Publications

    Consilting, Navigant. Price Signals and Greenhouse Gas Reduction in the Electricity Sector . Navigant. Navigant Consulting, 2009.Abstract

    Excerpt from the Executive Summary

    Competitive electricity markets will play
    a vital role in the success of any market- based program for controlling heat-trap- ping emissions that contribute to climate change. Restructured competitive electricity markets help promote the technological in- novation and changes in consumer behav- ior required for a greenhouse gas (GHG) reduction program to be successful.

    Competitive wholesale and retail electricity markets were implemented to provide the financial incentives that encourage efficient electricity production and consumption patterns. Similarly, state and federal policy- makers are embracing“cap-and-trade”poli- cies (a.k.a the carbon market1) that rely on the same market forces and financial incen- tives to reduce GHG emissions – primar-
    ily carbon dioxide (CO2). President Barack Obama recently stated that he is interested in a cap-and-trade approach precisely be- cause he thinks the market makes decisions about these technologies better than the public sector.2 Policy supporters argue that
    a market-based approach to reducing GHG emissions will be the most cost-effective and result in more innovative approaches
    to emission reductions than other regulatory approaches. With non-utility competi- tive suppliers owning approximately 40 percent of today’s installed electric gener- ating capacity, it is therefore important to understand the complementary interaction between competitive electricity markets and market-based GHG policies.

    Celebi, Metin, and Frank Graves. VOLATILE CO2 PRICES DISCOURAGE CCS INVESTMENT . The Brattle Group. The Brattle Group, 2009. Publisher's VersionAbstract

    Climate policy proposals based on cap and trade mechanisms with tight caps will likely lead to highly volatile CO2 prices. This volatility is ignored in many studies, even though it can be expected to exceed that of natural gas and to exceed the wide ranges in CO2 price forecasts. Volatility will significantly increase investment risk, raise the cost of capital, and make it valuable to defer investments. The net result could be that CO2 price volatility becomes an impediment to the very investments that the climate policy is attempting to encourage. Compared to a carbon policy regime with more predictable carbon prices, we estimate that CO2 price volatility under current policy proposal could delay investment in low-carbon and carbon abatement technologies by 10 years or more. We propose that an effective policy to reduce this investment barrier would be a safety-valve mechanism that includes both a floor and a ceiling on CO2 prices. This would reduce volatility and protect both investors and customers from extreme carbon prices.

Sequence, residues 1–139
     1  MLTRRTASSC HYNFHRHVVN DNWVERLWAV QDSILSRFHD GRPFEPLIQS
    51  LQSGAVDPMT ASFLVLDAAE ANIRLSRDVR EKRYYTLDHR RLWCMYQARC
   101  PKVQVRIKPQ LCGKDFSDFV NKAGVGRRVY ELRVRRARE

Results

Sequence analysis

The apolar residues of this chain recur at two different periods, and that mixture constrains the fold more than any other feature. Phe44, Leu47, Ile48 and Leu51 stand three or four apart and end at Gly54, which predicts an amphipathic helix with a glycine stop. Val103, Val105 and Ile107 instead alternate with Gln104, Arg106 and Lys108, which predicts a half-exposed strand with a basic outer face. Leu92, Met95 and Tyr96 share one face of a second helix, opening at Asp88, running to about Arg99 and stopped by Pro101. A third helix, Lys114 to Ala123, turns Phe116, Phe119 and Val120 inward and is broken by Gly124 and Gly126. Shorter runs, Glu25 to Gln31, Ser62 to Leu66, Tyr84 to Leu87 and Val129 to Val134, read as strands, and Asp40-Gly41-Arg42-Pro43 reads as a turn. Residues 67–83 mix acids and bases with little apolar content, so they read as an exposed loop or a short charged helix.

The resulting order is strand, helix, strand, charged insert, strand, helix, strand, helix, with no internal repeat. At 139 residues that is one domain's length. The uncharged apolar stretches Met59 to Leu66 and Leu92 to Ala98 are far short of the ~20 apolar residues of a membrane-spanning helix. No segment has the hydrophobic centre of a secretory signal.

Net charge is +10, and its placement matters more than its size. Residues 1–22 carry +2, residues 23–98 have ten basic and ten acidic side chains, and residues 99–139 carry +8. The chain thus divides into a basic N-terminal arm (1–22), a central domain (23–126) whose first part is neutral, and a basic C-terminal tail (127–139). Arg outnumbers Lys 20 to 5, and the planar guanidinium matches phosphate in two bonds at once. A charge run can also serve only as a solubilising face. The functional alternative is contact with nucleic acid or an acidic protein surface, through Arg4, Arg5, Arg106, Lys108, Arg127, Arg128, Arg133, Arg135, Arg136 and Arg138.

Zachmann, Georg, and Christian von Hirschhausen. “First Evidence of Asymmetric Cost Pass-through of EU Emissions Allowances: Examining Wholesale Electricity Prices in Germany.” In, 2007.Abstract

    Zachmann, Georg and Christian von Hirschhausen. First Evidence of Asymmetric Cost Pass-through of EU Emissions Allowances: Examining Wholesale Electricity Prices in Germany. March 2007. Paper, 8 pages.

     

     

    This paper applies the literature on asymmetric price transmission to the emerging commodity market for EU emissions allowances (EUA). We utilize an error correction model and an autoregressive distributed lag model to measure the relationship between CO2 price changes and the development of wholesale electricity prices. Using data from the German market for electricity and EUAs, we find that the rising prices of EUAs have a stronger impact on wholesale electricity prices than falling prices -- the first empirical evidence of asymmetric cost pass-through for these new allowances.

     

    Sotkiewicz, Paul, and Lynne Holt. “Public Utility Commission Regulation and Cost-Effectiveness of Title IV: Lessons for CAIR.” In, 2005.Abstract

    Summary: 

    There is growing evidence that the cost savings potential of the Title IV SO2 cap-and-trade program is not being reached. PUC regulatory treatment of compliance options appears to provide one explanation for this finding. That suggests that PUCs and utility companies should work together to develop incentive plans that will encourage cost-minimizing behavior for compliance with the EPA’s recently issued Clean Air Interstate Rule.